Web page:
Jan. 13, 2009
'24' character Kanin named after Writers' Workshop faculty member Canin
Ethan Canin is a busy guy. Acclaimed author. Faculty member at the Iowa Writers' Workshop. White House Chief of Staff on "24."
Well, at least his namesake is.
Ethan Kanin is the White House Chief of Staff on the new season of FOX's allegedly real-time, action-adventure, white-knuckle-to-save-the-world series that had its season premiere on Sunday. Canin, the UI faculty member, said that the character is, indeed, named after him.
He said he's known Howard Gordon, the show's producer and show runner, for 15 years, and Alex Gansa, one of its writers and a co-executive producer, since third grade.
"We're long-time friends and they were writing partners from when we were struggling," said Canin, whose novels include "Carry Me Across the Water" and "America America," and the short story collections "Beautiful Ohio" and "The Palace Thief."
Canin is no stranger to Hollywood, as the movies "Emperor of the Air," "The Emperor's Club" and "The Year of Getting to Know Us" were based on his work.
Canin said he didn't know his old friends planned to name a character after him until Monday, when he started receiving emails from people noting the character they saw on "24" the night before has the same name. He's not sure why nobody noticed the similarity during the show's last season two years ago, when Ethan Kanin was the secretary of defense.
Played by long-time character actor Bob Gunton, "24's" Ethan Kanin is a wily politico and D.C. backroom navigator who is deftly maneuvering President Allison Taylor (played by Cherry Jones) to stand down from a planned regime change invasion in Sangala, an African country that looks like a combination of Sudan and Saddam Hussein's Iraq.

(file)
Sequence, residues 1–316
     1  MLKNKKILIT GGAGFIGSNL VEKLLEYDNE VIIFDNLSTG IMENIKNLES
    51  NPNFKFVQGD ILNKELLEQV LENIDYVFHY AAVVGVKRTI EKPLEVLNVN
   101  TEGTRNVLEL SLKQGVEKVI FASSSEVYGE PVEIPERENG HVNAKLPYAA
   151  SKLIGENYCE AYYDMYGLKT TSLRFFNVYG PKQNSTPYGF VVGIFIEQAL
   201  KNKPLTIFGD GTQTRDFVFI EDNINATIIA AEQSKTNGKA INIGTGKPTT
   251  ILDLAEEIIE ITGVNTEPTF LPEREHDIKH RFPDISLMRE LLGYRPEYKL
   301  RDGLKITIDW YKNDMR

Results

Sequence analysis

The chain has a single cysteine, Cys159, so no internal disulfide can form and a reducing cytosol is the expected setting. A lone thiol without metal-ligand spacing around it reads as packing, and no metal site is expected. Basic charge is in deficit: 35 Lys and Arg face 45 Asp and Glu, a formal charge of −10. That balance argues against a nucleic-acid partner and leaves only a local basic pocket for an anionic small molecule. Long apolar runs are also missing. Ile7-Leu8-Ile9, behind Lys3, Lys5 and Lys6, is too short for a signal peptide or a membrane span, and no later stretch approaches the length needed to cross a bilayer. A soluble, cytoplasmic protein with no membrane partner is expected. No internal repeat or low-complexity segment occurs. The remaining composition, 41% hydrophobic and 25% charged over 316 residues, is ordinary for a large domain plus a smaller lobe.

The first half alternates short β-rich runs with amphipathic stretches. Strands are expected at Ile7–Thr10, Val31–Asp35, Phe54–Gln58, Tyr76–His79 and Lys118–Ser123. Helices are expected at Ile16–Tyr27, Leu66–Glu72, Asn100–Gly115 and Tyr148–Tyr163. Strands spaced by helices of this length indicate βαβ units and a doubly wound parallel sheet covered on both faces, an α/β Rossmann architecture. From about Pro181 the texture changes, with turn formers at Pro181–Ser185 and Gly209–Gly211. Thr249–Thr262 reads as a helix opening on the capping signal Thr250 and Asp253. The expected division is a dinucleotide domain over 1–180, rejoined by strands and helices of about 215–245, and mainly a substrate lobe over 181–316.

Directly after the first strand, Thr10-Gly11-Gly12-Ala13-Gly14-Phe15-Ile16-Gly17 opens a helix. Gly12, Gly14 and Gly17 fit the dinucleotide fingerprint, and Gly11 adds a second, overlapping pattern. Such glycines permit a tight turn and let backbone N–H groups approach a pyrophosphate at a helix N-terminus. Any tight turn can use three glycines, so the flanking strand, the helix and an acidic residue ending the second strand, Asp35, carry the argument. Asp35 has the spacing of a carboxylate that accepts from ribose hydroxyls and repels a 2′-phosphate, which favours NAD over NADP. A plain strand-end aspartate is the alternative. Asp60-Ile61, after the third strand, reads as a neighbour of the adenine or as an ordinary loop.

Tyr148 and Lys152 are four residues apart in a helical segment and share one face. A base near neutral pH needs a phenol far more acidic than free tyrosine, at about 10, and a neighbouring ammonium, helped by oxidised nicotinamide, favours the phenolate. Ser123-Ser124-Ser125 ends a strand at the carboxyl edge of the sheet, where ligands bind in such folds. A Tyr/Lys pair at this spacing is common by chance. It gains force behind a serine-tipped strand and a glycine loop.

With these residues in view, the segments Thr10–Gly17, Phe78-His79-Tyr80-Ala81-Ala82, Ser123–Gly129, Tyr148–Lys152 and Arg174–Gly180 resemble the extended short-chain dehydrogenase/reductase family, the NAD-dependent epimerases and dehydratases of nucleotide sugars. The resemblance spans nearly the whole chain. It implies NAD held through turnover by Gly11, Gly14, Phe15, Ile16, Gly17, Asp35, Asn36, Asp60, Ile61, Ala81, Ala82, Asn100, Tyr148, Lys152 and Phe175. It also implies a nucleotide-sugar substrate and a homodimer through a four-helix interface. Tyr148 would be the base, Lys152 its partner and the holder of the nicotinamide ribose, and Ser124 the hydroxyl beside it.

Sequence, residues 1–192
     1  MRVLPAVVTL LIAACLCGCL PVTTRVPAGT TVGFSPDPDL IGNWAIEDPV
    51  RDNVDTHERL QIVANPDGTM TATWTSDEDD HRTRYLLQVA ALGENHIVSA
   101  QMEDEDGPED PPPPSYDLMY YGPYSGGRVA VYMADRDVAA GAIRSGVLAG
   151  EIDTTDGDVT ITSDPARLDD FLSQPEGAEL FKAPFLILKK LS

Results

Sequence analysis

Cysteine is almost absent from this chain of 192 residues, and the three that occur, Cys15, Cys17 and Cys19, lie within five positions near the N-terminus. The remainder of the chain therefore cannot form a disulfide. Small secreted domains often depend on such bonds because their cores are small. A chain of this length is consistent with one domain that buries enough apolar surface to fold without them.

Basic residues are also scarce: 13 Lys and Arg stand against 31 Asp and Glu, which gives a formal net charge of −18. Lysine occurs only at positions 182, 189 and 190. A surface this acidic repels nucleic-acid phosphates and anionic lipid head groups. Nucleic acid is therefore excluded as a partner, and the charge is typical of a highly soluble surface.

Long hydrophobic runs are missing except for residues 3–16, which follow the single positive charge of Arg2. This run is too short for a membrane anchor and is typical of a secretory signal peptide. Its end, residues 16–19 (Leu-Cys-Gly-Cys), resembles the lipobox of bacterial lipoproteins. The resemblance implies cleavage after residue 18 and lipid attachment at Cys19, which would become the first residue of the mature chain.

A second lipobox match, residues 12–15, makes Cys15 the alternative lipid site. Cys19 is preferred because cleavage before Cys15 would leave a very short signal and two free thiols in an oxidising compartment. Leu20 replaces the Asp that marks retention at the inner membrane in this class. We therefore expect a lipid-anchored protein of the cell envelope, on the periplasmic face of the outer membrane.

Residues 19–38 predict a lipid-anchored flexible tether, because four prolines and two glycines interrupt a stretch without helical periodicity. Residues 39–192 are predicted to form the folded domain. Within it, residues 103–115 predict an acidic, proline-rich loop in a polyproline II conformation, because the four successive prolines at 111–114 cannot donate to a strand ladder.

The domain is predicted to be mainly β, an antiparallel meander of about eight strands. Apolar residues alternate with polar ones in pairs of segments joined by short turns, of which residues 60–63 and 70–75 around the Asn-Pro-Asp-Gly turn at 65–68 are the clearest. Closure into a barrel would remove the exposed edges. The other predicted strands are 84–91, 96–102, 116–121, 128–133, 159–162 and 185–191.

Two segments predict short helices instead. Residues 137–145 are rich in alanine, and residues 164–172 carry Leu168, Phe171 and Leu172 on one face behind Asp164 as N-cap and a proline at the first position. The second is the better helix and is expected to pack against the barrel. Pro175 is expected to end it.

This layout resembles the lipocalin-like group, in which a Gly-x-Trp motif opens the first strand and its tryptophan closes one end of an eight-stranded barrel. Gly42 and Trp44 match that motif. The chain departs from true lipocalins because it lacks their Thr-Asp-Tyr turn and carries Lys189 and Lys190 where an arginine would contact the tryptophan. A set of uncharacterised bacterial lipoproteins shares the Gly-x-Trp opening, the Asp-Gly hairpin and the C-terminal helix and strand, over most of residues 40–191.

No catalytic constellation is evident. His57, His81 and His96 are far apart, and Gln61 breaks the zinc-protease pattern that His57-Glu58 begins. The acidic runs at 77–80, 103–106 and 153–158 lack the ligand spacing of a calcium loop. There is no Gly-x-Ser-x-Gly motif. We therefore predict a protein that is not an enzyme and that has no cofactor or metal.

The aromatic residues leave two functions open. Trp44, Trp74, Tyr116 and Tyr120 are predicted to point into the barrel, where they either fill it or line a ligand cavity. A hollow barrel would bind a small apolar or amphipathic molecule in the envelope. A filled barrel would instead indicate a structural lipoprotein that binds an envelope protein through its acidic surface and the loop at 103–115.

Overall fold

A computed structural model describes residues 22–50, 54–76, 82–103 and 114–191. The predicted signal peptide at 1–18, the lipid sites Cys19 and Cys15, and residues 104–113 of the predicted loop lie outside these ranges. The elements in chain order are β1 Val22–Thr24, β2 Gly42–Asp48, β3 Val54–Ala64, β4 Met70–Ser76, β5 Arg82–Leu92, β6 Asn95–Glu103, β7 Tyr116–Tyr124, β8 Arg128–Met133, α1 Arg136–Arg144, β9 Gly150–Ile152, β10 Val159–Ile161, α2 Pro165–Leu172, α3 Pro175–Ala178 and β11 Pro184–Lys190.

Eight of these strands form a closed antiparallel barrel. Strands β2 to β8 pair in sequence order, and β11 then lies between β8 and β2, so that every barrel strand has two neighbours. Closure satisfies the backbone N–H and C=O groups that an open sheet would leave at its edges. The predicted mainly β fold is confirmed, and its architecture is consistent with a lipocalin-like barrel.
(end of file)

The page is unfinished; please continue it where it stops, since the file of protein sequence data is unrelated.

His motives appear to be noble, based on a desire to save American lives from a terrorist plot that would be hatched by Sangala's Saddam-like president should the invasion proceed, but in the gotcha, trust no one, Byzantine world of "24," you never know.
No doubt, Jack Bauer will figure it out, though.
Canin said he isn't sure why the "24" character's name starts with a K instead of a C, but suspects it has something to do with a Hollywood rule that requires producers get permission from real-life people who have an unusual name before they give a character that name. By changing Canin to Kanin, he thinks Gordon and Gansa could name the character after him and not spoil the surprise.
"It's kind of cool, honestly," he said. "I like it."
Canin said he has no plans to write an episode of "24," but he's thinking that maybe asking his friends for a cameo appearance wouldn't be so bad.
STORY SOURCE: University of Iowa News Service, 300 Plaza Centre One, Iowa City, Iowa 52242-2500.
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